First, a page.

“Never go to bed mad. Stay up and fight.” Phyllis Diller
As always, here is a funny quote to kick off your weekend.
They say there is truth in all humor. This quote demonstrates that. How many times have you gotten into a squabble with a significant other, right before you go to bed? You are having a nice conversation, and then….(you know the rest).
Going to bed angry is a horrible thing. First, you can’t sleep anyway. Second, your significant other can’t sleep either. Why go to bed this way? Keep discussing, keep arguing, keep listening to one another. Arguments come about when there is an unspoken hurt. We all hurt one another. In long-term relationships, we hurt one another over time without knowing it.
These little spats can be healthy for a relationship because it is nothing more than one person expressing that hurt to their partner. Instead of escalating these fights, accept responsibility. You love him or her, right? Why not let them be right? People reciprocate what they perceive to be given to them. A slight here or there builds over time, particularly if it is not addressed when it occurs. This is why so many arguments appear to come out of nowhere. They are literally a buildup of slights or transgressions over time.
Stephen Covey, in his book, The 7 Habits of Highly Effective People, discusses what he deems “The Emotional Bank Account”. This bank account is a metaphor for a person’s feelings toward another based on that person’s ability to contribute or subtract from their partner’s emotional bank account. If you make too many withdrawals over time without making any deposits, these arguments are one result of that.
How do we avoid these arguments? We really can’t. This is part of the relationship’s growth. Each of us goes into a relationship thinking we know the other person. Over time, particularly when you are with that person every day, we begin to realize there is so much more to learn about that person. As we learn about them, we slowly discover other things about them. We learn what hurts and what makes them happy. We learn what makes them sad and what makes them laugh until their gut bursts.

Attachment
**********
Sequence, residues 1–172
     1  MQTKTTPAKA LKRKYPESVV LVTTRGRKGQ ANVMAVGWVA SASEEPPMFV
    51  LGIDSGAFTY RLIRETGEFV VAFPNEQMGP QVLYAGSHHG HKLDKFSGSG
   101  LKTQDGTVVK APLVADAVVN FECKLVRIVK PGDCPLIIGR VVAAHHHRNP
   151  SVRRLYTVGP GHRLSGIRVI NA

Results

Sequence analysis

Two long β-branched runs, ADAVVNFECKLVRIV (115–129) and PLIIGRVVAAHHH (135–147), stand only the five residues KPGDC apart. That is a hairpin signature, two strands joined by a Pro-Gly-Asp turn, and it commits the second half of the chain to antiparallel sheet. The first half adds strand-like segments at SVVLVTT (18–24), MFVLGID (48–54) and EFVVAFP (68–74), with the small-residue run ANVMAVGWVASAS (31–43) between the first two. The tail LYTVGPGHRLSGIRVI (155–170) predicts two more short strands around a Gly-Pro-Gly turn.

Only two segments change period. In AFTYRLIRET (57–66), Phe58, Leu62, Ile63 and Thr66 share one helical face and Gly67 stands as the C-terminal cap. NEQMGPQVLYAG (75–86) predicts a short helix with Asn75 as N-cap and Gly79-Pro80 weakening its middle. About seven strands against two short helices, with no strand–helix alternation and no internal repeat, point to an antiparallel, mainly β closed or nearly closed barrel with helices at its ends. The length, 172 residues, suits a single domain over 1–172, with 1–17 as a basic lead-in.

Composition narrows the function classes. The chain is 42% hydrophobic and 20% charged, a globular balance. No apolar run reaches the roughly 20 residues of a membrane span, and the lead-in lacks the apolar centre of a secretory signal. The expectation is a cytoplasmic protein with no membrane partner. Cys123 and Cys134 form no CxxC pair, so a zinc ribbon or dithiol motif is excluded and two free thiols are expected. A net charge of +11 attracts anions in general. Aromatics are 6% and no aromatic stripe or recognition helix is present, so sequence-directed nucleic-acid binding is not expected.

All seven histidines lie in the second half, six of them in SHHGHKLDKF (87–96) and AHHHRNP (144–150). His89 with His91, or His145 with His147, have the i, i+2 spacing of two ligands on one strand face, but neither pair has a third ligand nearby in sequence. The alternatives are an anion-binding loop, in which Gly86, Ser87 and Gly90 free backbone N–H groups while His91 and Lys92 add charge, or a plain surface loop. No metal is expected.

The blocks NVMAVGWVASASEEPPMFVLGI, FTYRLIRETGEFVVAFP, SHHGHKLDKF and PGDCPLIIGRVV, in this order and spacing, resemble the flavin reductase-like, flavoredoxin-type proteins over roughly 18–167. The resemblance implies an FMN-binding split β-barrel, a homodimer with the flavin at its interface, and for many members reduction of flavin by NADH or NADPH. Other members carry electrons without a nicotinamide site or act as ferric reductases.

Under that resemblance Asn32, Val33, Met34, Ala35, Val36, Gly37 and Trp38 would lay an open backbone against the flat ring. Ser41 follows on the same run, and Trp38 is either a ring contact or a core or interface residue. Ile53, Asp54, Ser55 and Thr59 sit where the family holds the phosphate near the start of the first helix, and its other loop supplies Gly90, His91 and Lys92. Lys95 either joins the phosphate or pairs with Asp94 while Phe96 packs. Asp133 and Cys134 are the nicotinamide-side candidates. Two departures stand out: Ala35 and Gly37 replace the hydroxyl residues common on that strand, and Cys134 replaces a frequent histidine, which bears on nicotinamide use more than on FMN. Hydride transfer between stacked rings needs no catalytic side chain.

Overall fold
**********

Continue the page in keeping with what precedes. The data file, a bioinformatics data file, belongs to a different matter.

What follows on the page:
Sometimes an emotional deposit can be as simple as saying “I love you” before you head to work. At other times it could be a nice dinner out or a night of dancing. Put some effort into making deposits into your partner’s bank account consistently. The more consistent your deposits are the better chance you have of avoiding any misunderstandings that arise when you overdraw their emotional bank account.
Listen to your partner. Do unprompted, nice things for your partner. Things that have meaning to them. Take some time this weekend and do something nice. Make them breakfast in bed, let them pick out a movie they like (and you don’t) and watch it with them, take a walk, take them out for a coffee and listen to them. Spend some time finding out about their week.
Little things grow into big things later. If you really love the person you’re with give them some time to show them that.
Until next time…